This God-life is a journey and I can expect all kinds of weather, even fog.  I am going to cling to my consistent God even when the weather is inconsistent. Difficult days do not mean we head out on our own, but it means we cling even harder to the one who knows the way.

What about you? How will you face your next foggy times? With trepidation or faith or a little bit of both?


Sometimes we just have to speak the truth

determine to know

Sometimes I just can’t believe the truth.

I can’t believe that there is a love that is great enough to die and live for me.

I can’t believe that I am chosen.

I can’t believe that he calls me holy.

I can’t believe that I can boldly come to grace’s throne.

The litany of my regrets and mistakes are clear under my magnifying glass. But what if I were to step back and look at my mistakes through the magnifying glass of grace. Could I believe the truth that says I am forgiven? Could I believe that I am worthy?

I think so?

But I have to determine to know truth. I have to determine to know God on his terms, not mine. I have to be willing to surrender my ideas of truth for his truth. I have to be willing to remove my critical magnifying glass from my life and replace it with his magnifying glass and allow the Holy Spirit to come along and whisper change and acceptance.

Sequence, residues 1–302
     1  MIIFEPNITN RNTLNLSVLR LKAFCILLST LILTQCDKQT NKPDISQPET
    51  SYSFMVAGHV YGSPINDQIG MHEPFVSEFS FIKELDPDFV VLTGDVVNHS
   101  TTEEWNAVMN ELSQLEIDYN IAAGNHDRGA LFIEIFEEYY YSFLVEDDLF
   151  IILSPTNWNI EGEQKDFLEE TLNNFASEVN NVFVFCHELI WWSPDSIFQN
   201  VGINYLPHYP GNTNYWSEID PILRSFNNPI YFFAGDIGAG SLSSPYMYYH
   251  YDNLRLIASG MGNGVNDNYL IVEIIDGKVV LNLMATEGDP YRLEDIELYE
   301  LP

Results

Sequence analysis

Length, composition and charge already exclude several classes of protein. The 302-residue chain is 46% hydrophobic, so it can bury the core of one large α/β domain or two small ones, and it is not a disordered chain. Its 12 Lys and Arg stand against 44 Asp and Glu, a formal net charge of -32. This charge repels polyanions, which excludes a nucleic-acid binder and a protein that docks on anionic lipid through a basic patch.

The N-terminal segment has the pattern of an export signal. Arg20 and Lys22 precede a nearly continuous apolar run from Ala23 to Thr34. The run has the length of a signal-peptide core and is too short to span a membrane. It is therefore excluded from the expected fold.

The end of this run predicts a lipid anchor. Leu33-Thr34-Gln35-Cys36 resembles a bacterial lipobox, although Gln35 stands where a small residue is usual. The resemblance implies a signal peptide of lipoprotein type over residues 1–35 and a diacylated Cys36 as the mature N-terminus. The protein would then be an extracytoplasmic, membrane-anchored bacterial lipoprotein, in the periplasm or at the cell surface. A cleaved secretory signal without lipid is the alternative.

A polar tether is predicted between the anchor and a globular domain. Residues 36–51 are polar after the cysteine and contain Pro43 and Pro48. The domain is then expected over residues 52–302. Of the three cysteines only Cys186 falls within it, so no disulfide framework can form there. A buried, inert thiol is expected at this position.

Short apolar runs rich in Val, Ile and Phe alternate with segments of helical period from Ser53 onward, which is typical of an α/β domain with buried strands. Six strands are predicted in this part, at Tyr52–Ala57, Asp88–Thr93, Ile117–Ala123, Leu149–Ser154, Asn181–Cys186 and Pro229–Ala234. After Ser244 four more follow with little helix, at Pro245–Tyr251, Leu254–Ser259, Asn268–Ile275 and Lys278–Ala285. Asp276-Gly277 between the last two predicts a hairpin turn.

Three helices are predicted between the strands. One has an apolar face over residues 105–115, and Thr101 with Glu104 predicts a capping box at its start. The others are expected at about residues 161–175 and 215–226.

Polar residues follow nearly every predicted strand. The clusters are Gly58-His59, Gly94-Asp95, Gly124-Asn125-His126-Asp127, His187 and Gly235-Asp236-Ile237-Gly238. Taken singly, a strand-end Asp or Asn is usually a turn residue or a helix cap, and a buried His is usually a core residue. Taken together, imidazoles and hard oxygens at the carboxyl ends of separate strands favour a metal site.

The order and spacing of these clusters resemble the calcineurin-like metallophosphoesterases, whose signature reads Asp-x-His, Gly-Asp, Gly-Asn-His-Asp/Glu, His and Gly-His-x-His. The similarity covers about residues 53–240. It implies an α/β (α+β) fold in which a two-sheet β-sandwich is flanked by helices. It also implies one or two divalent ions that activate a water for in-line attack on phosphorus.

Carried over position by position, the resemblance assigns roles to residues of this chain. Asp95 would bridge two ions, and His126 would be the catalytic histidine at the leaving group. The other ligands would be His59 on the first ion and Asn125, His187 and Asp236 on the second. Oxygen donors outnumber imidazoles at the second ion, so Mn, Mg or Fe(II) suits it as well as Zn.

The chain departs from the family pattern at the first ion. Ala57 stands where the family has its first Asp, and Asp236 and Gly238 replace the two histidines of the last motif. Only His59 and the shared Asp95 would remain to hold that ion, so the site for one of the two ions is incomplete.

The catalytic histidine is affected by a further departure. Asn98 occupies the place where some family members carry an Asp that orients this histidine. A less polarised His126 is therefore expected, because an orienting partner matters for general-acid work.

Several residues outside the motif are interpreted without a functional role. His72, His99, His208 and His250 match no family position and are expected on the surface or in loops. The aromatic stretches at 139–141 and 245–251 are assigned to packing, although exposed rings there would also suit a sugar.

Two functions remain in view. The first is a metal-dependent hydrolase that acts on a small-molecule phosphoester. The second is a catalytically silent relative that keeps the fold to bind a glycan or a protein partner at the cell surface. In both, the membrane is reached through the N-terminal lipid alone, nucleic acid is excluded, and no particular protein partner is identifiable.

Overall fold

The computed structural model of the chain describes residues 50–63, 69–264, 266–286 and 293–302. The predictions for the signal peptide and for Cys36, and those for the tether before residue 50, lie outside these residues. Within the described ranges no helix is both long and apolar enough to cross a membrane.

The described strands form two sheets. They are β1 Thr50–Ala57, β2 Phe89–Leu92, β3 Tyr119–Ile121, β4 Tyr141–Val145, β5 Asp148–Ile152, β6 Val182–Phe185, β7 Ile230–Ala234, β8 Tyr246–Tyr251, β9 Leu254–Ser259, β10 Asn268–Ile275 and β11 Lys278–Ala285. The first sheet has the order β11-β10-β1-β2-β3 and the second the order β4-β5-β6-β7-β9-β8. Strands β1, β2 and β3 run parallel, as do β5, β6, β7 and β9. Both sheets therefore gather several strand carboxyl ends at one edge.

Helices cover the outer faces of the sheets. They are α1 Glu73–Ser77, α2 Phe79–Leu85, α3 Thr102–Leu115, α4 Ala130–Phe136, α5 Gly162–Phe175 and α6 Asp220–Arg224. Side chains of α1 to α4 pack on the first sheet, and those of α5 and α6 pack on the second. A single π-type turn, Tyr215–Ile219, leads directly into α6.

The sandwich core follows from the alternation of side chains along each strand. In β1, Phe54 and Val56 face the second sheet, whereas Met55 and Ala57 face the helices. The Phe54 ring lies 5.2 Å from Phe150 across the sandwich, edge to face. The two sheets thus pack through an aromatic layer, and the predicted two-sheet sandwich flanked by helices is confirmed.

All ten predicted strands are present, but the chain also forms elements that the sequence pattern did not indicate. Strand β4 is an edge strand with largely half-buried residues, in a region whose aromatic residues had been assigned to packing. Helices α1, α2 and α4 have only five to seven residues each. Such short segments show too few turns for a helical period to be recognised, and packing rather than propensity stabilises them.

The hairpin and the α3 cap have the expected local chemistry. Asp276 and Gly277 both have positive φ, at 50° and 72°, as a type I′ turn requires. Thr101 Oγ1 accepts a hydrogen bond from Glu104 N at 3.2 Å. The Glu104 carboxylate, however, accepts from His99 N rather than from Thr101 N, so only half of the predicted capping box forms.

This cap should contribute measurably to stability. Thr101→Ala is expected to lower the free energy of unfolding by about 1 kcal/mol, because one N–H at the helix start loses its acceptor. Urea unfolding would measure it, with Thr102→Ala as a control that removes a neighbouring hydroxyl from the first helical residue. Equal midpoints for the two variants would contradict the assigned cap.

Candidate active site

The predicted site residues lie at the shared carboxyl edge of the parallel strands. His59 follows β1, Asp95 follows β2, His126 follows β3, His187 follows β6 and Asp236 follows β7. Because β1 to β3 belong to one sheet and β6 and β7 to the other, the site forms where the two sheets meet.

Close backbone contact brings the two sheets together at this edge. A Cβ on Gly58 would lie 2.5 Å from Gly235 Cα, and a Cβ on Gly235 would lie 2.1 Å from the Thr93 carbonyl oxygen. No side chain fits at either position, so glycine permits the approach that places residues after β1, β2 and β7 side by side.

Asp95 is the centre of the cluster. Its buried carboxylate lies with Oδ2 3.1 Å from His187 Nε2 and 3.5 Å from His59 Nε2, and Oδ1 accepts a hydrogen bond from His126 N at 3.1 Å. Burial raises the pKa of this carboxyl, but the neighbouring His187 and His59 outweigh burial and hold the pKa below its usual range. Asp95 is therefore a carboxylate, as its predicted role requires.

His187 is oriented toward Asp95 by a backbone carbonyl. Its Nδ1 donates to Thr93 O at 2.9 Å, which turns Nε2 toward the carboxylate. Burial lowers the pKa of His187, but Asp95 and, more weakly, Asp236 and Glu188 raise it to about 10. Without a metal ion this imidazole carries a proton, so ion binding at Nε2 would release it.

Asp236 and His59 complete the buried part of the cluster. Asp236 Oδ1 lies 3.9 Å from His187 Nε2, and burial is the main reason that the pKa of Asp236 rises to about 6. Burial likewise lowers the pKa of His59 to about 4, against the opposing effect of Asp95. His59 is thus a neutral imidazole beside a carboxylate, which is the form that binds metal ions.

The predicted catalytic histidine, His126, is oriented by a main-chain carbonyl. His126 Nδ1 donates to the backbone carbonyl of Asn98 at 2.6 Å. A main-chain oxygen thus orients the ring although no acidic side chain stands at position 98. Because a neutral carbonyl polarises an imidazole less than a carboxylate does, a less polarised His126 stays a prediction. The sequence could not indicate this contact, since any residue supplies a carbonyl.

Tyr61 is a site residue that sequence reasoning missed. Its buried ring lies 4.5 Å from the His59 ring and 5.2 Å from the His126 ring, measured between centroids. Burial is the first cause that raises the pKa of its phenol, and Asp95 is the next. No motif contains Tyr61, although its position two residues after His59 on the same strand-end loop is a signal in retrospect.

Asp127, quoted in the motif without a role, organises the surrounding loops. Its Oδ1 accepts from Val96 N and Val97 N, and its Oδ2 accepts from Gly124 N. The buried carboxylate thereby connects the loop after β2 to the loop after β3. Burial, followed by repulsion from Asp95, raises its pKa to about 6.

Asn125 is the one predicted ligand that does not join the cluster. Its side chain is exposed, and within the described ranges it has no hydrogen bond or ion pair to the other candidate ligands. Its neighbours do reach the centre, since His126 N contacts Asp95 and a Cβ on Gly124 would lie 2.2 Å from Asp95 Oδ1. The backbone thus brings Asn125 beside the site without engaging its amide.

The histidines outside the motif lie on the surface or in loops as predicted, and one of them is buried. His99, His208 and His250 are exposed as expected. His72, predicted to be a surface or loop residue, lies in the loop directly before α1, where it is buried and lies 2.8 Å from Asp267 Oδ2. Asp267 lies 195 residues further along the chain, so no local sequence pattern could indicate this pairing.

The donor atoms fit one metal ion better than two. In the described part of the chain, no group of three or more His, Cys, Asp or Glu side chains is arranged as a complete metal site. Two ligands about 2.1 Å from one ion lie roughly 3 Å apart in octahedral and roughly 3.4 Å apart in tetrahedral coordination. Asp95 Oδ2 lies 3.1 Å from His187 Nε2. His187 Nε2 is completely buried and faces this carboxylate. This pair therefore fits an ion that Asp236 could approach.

I am singing the words of this song to myself.  I am determined to know Truth. I am determined to know Christ in order to know his truth. I hope you will join me.

 3 months ago0007:41Dara Maclean – Blameless – How He Loves

why social media makes me apprehensive

battle win may 16

I recently joined the social media scene…..

….for the third time.

I know.

It makes me look rather flibberty-jibbet and totally unpredictable and not dependable. ugh.

Confession? I didn’t like the ‘comparison-itis’ or the slimy, gossipy feeling I had when I clicked off social media or the lack of consistent authenticity in real-life vs. on-line life. So I deactivated. For my mental and emotional health. For protection.

So. Why try it again?

One, I am looking for community with other writers, heart-stirrers, and word-warriors. I have questions and concerns. I want to know if there are other’s who struggle with the pride and insecurity that seem to plague me and if I’m alone and how someone else worked through it. I need your stories.

Two,  there’s the message within me to call hearts out to perceive their brokenness as something beautiful if placed in the hands of Jesus. And there are a lot of other word-warriors proclaiming this truth. I want to know them so we can join our voices together to proclaim truth and freedom and grace and love.